Throughout the May-September months, HERO Sports is going to name the best returning FCS player by jersey number, 99-1. Due to rosters being updated at different times for teams across the country and to keep things consistent, jersey numbers are based on the 2019 season.
Not only is Lance the best No. 5 in the FCS, and not only was he named the best offensive player in the subdivision as a redshirt freshman last year by winning the Walter Payton Award … he is now looked at as one of the best players in the 2021 NFL Draft.
Now, we still don’t know if Lance will declare for the draft. But with about every NFL Draft expert out there calling him a Top 3 quarterback, chances of him returning to NDSU for his junior season (or even this spring season) aren’t high.
Not even Carson Wentz, the No. 2 overall pick in the 2016 draft, received this level of hype during his Bison career. He didn’t blow up until the draft process when he impressed at the Senior Bowl, NFL Combine and his Pro Day.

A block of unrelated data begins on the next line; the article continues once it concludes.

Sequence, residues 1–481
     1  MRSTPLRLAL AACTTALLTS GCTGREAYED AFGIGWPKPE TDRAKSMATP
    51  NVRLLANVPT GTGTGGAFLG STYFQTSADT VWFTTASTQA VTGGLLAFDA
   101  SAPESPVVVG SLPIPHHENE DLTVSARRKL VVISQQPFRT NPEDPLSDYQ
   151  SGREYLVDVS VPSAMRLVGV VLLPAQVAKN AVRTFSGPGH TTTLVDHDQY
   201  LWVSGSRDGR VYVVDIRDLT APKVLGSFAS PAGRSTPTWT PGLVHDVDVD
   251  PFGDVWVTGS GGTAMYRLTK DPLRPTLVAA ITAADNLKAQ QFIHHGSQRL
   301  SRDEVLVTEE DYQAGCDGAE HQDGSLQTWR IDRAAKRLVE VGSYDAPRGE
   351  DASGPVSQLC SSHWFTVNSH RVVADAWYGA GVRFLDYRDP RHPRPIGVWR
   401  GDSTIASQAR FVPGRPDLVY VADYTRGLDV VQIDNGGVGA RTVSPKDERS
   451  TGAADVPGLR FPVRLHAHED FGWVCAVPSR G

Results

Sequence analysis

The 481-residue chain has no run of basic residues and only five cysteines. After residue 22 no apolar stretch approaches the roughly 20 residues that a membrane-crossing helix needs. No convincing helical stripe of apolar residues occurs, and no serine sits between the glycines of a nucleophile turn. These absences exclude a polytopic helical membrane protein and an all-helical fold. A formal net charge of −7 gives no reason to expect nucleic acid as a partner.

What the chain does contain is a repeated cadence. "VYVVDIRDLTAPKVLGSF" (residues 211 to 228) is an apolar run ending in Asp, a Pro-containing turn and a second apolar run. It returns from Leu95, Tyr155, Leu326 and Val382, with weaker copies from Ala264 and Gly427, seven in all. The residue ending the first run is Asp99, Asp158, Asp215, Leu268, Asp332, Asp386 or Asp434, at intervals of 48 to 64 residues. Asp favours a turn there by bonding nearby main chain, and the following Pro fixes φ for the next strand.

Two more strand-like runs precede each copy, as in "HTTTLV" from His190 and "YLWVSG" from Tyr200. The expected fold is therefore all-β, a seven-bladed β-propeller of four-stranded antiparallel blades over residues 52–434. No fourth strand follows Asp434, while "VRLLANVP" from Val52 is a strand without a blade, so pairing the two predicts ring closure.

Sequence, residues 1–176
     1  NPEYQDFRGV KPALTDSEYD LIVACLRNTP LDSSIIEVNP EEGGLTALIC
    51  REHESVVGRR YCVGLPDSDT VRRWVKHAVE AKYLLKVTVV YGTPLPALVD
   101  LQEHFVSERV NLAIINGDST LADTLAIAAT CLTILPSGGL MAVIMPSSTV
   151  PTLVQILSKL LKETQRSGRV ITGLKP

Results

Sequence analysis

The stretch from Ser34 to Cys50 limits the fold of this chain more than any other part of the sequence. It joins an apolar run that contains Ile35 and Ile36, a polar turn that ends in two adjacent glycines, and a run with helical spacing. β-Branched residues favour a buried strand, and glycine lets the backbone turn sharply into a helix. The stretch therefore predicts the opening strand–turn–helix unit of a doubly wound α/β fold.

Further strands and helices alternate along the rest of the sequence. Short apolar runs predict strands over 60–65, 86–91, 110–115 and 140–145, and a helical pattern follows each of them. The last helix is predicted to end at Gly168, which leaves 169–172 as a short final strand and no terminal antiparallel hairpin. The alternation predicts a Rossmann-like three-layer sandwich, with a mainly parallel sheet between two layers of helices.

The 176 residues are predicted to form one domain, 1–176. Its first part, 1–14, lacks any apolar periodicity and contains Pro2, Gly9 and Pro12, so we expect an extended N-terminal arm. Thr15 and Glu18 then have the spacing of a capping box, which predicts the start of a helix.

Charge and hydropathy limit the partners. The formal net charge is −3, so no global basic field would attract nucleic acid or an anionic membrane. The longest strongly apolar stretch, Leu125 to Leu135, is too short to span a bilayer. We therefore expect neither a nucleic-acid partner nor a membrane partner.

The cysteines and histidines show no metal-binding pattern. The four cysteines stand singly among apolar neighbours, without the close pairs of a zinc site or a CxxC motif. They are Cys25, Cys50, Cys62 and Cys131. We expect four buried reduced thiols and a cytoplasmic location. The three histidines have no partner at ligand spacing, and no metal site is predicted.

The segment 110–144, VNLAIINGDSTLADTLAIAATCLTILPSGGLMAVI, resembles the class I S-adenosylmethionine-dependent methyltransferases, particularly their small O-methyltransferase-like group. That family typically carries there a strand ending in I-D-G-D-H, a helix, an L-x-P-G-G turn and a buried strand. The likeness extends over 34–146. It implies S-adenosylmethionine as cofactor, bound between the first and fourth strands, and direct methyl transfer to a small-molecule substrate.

The level of attention Lance has received this offseason is unprecedented. We all scoffed a bit when an ESPN writer listed Lance as a Heisman candidate early in the 2019 season. Little did we know a year later that Lance would be viewed as a future franchise NFL QB.
At 6-foot-4 and 226 pounds, Lance replaced the all-time FCS wins leader Easton Stick and made NDSU’s offense even more explosive last season. He went 192-of-287 passing for 2,786 yards, 28 touchdowns and zero interceptions. Lance is just as dominant with his legs, rushing for 1,100 yards and another 14 TDs.
The former three-star recruit out of Minnesota will be in action one time this fall, an Oct. 3 home game against Central Arkansas. We shall see if that’s his last game in a Bison uniform or not. One thing is for certain, though, and that’s Lance will be the third straight NDSU QB to be drafted and the fourth straight to get an NFL opportunity.
Of all the things NDSU football has accomplished, that may be the most impressive.
Sam’s coverage of the FCS began in 2012 as the sports editor and eventual editor-in-chief of NDSU’s The Spectrum. After graduating in 2015, he spent three years in the newspaper and magazine industry while starting his work for HERO Sports in the fall of 2016 as a freelancer. In May 2018, he joined the website full time as the Senior FCS Analyst.